To carry out a Know Your Customer (KYC) registration process, 85 percent of banks said KYC process constitutes a significant cost to the lenders, with 71 percent anticipating that the cost of KYC will continue to increase, according to a report by KPMG, a global network of professional firms providing Audit, Tax and Advisory services.
According to the KPMG report, the direct costs for banks include address verification, Corporate Affairs Commission (CAC) verification for corporate customers, identity verification, and ongoing monitoring of accounts.
Indirect cost, covering staffing the compliance function/sanctions screening desk, procuring, deploying and implementing technology, storing and managing KYC data, regulatory reporting / fines, opportunity cost as a result of customers who discontinued the account opening process due to inefficient or cumbersome KYC processes.
“Our analysis of the data reveals that for many banks, the direct cost of KYC is below N50 million per annum, but depending on the size of the bank it can rise to as much as N400 million per annum, analysts at KPMG said.
The report showed that 1 percent to 30 percent of customers who start the KYC process do not complete it, because the process is unnecessarily time consuming. Despite customers agreeing that KYC is an important process, 48 percent of responding customers are not satisfied with the account opening process in their banks. Per the survey results, CBN’S tiered KYC initiative has led to increased efficiency for Tier 1 category of accounts, as 71 percent of banks state that they can complete the on boarding of a Tier 1 customer in one day. It typically takes more than one week to complete onboarding for Tier 2 and 3 customers.
The Central Bank of Nigeria (CBN) on January 18, 2013 introduced the three tiered KYC for banks and other financial institutions (OFIS).
The tiered KYC requirements regime will ensure application of flexible account opening requirements for low-value and medium value accounts and these are subject to caps and restrictions as the amounts of transactions increase.
This means that account opening requirements will increase progressively with less restrictions on operations. However, the main objective of the proposed approach is to promote and deepen financial inclusion.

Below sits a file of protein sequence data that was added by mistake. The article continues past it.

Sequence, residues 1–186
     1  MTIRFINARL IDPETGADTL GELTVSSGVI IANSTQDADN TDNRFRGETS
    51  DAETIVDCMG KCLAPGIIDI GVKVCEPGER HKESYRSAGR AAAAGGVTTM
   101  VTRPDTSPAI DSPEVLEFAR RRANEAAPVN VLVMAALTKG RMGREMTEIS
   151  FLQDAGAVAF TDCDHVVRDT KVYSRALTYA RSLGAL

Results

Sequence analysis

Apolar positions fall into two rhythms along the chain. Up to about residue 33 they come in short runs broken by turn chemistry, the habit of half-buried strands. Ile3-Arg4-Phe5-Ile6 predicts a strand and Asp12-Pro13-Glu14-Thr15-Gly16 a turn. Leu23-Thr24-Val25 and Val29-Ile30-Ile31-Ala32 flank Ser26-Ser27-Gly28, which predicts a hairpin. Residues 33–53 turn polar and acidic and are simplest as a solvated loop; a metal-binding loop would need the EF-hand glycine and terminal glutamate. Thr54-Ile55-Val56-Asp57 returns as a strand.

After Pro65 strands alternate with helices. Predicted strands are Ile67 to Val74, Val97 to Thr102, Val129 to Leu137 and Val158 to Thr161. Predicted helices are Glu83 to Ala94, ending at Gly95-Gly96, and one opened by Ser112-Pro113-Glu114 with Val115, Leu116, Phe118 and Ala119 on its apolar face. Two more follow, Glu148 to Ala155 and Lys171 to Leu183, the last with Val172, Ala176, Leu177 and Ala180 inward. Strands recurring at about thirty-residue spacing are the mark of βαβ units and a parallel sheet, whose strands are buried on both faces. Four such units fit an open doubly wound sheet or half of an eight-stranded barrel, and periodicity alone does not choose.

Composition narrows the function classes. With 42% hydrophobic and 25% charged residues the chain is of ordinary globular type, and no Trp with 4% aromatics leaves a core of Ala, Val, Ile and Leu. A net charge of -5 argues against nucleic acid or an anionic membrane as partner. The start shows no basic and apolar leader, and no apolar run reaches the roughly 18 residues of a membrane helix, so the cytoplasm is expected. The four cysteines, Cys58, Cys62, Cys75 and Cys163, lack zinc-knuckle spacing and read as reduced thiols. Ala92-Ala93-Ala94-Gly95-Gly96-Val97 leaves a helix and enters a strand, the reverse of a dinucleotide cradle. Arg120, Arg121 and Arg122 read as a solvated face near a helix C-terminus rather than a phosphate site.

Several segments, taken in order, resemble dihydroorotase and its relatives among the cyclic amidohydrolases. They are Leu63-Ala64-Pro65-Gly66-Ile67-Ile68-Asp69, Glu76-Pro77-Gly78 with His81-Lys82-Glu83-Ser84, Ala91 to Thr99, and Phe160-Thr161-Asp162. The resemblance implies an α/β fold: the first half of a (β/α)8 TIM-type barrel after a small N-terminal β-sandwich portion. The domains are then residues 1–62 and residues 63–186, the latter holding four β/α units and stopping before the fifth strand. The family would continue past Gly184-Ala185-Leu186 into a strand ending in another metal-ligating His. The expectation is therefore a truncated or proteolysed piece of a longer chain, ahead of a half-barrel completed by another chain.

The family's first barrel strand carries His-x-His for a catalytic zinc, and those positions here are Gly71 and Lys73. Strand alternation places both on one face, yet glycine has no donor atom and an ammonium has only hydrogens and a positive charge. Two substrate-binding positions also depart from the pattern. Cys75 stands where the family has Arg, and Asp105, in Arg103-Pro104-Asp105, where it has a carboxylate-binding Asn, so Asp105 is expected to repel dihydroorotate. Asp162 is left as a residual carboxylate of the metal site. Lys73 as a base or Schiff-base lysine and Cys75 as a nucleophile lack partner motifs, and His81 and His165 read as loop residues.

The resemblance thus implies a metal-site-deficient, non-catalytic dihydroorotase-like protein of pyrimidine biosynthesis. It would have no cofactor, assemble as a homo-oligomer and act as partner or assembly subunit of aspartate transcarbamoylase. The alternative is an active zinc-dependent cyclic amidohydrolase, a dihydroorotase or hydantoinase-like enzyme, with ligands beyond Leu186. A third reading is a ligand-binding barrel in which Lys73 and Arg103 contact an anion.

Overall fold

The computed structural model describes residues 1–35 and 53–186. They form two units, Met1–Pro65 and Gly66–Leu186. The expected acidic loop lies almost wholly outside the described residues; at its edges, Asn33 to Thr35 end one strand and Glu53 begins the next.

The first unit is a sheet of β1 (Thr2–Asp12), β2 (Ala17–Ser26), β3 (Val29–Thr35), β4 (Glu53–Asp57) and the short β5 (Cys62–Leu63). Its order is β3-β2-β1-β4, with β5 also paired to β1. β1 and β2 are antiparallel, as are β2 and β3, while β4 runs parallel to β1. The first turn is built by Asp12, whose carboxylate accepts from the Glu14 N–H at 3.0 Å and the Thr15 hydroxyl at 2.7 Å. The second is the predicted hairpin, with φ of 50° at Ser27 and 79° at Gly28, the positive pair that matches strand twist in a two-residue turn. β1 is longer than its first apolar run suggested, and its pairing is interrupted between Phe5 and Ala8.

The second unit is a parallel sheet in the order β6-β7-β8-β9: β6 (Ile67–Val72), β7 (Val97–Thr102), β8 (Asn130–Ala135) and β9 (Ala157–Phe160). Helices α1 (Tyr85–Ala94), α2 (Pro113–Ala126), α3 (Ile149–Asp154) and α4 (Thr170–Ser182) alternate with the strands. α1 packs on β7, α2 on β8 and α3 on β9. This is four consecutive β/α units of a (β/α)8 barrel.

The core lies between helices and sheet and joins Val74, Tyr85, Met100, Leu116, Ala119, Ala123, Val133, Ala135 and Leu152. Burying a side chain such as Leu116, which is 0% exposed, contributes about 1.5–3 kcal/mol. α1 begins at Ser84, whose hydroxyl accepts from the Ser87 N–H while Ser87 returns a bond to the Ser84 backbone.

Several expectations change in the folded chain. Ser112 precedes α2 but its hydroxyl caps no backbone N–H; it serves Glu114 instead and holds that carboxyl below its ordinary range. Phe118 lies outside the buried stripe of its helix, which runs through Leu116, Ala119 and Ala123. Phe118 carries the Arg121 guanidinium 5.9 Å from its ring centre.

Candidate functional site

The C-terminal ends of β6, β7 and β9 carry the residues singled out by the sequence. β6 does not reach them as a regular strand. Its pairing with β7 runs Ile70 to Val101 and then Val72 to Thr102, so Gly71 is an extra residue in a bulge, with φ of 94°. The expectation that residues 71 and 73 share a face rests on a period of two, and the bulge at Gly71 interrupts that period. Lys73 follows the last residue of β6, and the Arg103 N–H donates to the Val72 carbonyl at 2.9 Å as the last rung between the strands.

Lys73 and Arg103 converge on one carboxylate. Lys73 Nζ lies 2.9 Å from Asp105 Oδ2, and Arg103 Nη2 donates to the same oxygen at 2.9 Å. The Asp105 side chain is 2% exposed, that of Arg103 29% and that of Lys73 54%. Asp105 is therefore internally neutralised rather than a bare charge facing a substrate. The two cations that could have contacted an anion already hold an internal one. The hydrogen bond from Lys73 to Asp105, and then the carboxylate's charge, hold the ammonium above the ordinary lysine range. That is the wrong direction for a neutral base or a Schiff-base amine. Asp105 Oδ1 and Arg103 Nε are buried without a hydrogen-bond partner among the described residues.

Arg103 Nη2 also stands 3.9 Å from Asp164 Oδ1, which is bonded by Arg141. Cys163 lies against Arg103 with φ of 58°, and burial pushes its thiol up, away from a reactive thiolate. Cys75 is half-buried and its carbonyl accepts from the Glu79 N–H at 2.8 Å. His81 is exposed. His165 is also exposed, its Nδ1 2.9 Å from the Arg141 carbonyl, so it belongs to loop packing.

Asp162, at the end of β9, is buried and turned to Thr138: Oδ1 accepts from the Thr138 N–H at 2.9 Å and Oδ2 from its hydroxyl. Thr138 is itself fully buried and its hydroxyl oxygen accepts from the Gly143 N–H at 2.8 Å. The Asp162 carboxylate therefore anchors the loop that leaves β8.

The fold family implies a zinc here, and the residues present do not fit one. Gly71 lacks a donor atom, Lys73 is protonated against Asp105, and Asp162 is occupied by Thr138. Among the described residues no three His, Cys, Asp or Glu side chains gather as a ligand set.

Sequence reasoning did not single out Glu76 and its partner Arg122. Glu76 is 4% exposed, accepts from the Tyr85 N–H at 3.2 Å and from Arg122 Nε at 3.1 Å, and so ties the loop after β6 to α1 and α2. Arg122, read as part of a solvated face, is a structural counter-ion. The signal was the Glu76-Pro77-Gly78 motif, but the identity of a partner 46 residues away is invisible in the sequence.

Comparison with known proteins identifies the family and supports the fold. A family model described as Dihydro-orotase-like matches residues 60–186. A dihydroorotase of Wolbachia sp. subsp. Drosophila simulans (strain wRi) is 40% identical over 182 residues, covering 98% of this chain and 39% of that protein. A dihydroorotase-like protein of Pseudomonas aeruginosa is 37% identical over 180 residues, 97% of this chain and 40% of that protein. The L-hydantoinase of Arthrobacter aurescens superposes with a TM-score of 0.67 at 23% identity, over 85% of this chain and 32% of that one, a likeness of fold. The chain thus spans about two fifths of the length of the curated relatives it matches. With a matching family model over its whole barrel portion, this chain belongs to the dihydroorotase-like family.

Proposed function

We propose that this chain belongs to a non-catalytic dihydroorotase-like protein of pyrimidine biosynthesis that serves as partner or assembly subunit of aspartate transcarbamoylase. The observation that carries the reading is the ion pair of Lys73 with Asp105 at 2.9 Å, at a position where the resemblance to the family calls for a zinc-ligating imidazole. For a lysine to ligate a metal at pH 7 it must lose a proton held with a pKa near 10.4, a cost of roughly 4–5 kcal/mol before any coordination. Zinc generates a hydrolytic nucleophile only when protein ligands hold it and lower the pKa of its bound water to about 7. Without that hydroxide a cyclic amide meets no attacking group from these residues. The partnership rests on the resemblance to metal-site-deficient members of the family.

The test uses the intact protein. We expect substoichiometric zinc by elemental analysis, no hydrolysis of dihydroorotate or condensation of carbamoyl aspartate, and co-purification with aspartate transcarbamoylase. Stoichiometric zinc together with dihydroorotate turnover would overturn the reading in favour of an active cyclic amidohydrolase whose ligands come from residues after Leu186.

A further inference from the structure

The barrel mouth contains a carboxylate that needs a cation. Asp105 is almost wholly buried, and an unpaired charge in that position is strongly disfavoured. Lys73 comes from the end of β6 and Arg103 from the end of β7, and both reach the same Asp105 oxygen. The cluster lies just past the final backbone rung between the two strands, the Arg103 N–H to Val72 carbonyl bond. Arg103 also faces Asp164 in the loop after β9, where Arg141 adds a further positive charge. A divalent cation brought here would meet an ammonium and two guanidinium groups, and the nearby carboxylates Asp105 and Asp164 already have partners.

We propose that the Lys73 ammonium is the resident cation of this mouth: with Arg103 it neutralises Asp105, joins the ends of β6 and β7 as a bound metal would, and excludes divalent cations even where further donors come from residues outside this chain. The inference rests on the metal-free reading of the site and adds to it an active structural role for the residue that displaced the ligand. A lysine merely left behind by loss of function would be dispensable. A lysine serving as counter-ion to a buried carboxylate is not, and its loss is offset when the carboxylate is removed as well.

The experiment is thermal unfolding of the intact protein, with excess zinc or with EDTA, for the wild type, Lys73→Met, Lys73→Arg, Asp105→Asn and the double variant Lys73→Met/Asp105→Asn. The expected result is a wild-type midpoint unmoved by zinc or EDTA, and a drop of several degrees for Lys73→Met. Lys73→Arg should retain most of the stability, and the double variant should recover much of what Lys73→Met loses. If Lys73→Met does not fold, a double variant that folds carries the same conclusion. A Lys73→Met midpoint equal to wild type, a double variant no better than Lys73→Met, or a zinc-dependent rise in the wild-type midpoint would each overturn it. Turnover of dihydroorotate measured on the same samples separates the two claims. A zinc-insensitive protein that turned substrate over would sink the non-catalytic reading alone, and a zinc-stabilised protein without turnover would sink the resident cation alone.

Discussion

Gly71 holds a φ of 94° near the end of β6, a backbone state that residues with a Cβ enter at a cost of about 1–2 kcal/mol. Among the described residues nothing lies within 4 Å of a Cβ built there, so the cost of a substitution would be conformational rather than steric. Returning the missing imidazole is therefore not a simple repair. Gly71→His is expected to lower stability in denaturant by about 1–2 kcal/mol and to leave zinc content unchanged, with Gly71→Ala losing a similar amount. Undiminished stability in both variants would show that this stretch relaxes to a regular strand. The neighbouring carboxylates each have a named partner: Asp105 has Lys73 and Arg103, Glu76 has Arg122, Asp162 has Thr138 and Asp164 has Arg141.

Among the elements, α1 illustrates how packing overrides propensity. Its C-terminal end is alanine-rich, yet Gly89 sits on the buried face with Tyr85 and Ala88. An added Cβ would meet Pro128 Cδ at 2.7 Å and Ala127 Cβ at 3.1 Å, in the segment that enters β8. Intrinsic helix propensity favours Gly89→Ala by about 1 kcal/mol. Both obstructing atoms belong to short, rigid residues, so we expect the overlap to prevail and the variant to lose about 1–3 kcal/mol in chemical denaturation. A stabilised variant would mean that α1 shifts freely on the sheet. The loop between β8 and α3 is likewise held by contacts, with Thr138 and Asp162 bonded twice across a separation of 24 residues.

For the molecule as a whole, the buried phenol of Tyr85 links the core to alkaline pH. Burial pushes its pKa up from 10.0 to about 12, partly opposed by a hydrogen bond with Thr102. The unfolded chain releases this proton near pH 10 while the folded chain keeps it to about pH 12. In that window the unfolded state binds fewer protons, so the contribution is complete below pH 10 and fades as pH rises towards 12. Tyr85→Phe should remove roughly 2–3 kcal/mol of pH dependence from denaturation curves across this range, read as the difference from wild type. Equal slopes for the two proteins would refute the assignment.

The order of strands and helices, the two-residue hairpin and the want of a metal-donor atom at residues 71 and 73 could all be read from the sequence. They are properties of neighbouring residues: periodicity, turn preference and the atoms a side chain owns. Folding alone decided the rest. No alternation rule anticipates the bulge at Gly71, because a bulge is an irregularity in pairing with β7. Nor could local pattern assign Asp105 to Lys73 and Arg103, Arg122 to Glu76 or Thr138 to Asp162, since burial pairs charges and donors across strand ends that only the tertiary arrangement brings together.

KPMG report highlighted the topmost challenges with performing KYC in Nigeria, which include identifying complex legal structures, verifying addresses and identities, identifying and verifying PEPS, as well as remediating rather high-volume legacy accounts.
The firm carried out a survey of 25,107 bank customers and aggregated the results to quantify how KYC processes impact customer satisfaction. The results reflect that an efficient KYC process can be a determinant in a customer’s decision to open an account with the bank.
Among 37 other banking procedures, responding customers ranked KYC in the top 18th percentile of importance, indicating that KYC processes employed by the banks are of importance to prospective customers.
Despite the importance of KYC to customers, 48 percent of responding customers are not satisfied with the account opening process in their banks.
How do you know a customer who has no registered legal identity or whose legal identity cannot be verified. KPMG said this is the biggest challenge for banks operating out of Nigeria – where according to the DirectorGeneral of the National Identity Management Commission 100 million people cannot officially prove their identities.
Addressing the KYC challenge in Nigeria the firm explained it is a multidimensional issue, adding that any proposed change has to be beneficial to all stakeholders. For regulators, such changes must meet the leading practice in customer identification and still ensure appropriate accountability of the banks.
For banks, the change should increase efficiency in the KYC process, reduce cost and provide more assurance on the quality of information. For customers, it should enable speed and comfort.